Saturday, July 25, 2015

Facing Our Giants--by Linden Malki

Flopsy, the sneaky and self-willed dog who lived with us when I was growing up (I can't say "our dog" because she was really her own dog) liked to chase cows. No, we didn't have cows running loose in Spokane, but every summer we spent a couple of weeks out in the mountains of western Montana, fishing and unwinding.  One of our favorite camping spots was a meadow along a creek, with a ridge of woods on the other side of the meadow. There was a narrow trail through the woods to a farm on the other side of the hill, and cows from the farm would come over the hill to "our" meadow to graze.  Flopsy would try to herd the cows back to the trail, chasing and nipping and barking at their heels. All would be well until one of the cows looked back at her, and she knew that the cow knew she was a just a little dog harassing a big giant animal. It was amazing how quickly she would be back under our camping trailer with her tail between her legs!  

We may have big scary giant stuff wandering around in our own meadows.  What do we do about it?  We can put on the big show of being tough, but facing reality just might send us back to our own safe doghouse. And sometimes that is appropriate, and sometimes we are missing a great opportunity because we didn't learn how to deal with this giant. And sometimes we just want to "do it ourselves" rather than ask for the help we need. And then when we can’t do it, we ask God to save us and fix it.
The history of the Israelites is a continuing story of fighting giants. Too often, people have not realized how big a deal things really are. At the beginning, one little fruit and one smooth-talking snake didn’t appear to be a giant—but it was actually one that we are all still fighting. Noah faced a giant flood. Moses faced a Pharoah, a sea, a thundering mountain, a large group of stubborn people, and then when the end was in sight, they literally wimped out at the sight of “giants”—which cost them 40 years more in the wilderness. As you read, watch for giants that people faced, what they did and how it turned out. Sometimes it looks like a little thing but turns out to be a giant thing. King Saul thought he was doing God a favor by going ahead with an offering (I Samuel 13) when he had been commanded to wait for Samuel. He thought the important thing was the offering; the giant mistake was his disobedience. And he didn’t learn. In chapter 15, Saul was told to exercise God’s judgment on the Amelekites without looting or profiting in any way, and instead he thought he could placate God with looted offerings, and that was the giant ego trip that cost him his kingdom and ultimately, his life.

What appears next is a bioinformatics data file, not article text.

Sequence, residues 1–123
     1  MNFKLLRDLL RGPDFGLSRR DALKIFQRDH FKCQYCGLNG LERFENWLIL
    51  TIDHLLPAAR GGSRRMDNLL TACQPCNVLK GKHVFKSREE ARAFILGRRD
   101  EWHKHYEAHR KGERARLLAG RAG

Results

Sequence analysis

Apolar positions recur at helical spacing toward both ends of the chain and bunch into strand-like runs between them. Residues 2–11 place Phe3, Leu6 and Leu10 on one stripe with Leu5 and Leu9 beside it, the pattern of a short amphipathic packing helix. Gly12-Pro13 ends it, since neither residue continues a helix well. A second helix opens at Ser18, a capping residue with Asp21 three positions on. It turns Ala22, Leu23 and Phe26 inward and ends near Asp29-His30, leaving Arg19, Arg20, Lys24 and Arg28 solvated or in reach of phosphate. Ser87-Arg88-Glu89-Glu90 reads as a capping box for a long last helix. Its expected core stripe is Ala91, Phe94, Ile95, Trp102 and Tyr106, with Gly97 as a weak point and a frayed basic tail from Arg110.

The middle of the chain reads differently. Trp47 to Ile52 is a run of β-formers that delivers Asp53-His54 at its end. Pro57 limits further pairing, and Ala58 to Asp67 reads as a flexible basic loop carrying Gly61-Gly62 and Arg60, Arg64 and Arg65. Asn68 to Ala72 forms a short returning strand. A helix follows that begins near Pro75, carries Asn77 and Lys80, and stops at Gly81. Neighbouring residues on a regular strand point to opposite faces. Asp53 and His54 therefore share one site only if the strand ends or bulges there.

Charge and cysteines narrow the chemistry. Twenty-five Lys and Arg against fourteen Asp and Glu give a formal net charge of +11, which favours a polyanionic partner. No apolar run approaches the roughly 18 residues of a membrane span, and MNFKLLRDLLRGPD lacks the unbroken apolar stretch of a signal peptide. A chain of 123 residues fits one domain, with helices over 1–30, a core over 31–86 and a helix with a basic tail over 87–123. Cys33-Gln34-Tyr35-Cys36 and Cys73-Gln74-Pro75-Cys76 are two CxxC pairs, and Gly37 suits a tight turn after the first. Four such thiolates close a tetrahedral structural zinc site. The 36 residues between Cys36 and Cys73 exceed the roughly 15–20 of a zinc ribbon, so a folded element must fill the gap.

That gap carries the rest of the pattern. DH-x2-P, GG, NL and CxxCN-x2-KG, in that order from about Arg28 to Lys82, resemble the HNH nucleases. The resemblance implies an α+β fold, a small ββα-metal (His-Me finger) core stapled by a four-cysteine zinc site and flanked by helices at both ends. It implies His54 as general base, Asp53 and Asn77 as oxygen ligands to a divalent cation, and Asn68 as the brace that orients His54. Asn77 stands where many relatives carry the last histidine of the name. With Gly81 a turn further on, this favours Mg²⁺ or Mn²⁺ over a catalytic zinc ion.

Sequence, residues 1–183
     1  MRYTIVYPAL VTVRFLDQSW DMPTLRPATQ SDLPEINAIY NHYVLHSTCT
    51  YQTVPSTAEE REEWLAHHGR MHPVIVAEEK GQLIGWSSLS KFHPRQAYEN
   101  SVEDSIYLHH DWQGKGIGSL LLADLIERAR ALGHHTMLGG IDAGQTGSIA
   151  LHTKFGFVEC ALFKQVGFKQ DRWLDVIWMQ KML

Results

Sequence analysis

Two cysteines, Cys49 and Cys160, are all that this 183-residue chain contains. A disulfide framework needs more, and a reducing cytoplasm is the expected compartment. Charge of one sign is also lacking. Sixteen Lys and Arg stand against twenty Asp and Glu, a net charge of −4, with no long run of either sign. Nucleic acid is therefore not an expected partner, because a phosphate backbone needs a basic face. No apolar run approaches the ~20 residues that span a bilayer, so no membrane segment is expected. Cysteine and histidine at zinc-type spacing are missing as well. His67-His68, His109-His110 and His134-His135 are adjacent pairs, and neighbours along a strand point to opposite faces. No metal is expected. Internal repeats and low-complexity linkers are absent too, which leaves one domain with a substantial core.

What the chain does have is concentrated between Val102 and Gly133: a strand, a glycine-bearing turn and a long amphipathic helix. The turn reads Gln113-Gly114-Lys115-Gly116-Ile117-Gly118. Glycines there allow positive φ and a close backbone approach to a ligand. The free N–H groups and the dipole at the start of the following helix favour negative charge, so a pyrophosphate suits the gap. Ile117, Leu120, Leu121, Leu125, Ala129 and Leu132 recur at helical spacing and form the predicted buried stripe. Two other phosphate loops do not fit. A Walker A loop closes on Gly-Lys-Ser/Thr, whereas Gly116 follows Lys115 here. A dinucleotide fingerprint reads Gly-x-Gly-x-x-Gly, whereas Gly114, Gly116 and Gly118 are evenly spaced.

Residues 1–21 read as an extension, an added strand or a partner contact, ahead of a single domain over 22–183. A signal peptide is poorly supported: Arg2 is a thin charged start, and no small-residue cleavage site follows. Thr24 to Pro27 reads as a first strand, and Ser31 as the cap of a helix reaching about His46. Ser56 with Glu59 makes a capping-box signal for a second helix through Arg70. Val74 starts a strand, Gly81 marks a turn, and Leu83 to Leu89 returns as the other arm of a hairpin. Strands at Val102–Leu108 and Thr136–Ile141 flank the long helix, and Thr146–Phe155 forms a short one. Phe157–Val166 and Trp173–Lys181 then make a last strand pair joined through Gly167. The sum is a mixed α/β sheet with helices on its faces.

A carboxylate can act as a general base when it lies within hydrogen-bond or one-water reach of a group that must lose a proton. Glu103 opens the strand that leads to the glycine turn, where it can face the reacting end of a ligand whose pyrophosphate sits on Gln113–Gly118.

The classic giant story, of course, is David and Goliath. There are two things that David did right that made him a giant-killer. One was that he was prepared; he knew his own capability and how to use it. He probably hadn’t been real thrilled about the lions and wolves and bears he had had to learn to deal with out with the sheep, but it paid off. The other, and most important thing, is that he knew where to ask for help. God can do amazing things with people who are willing to let God teach them and empower them—and give God the credit!

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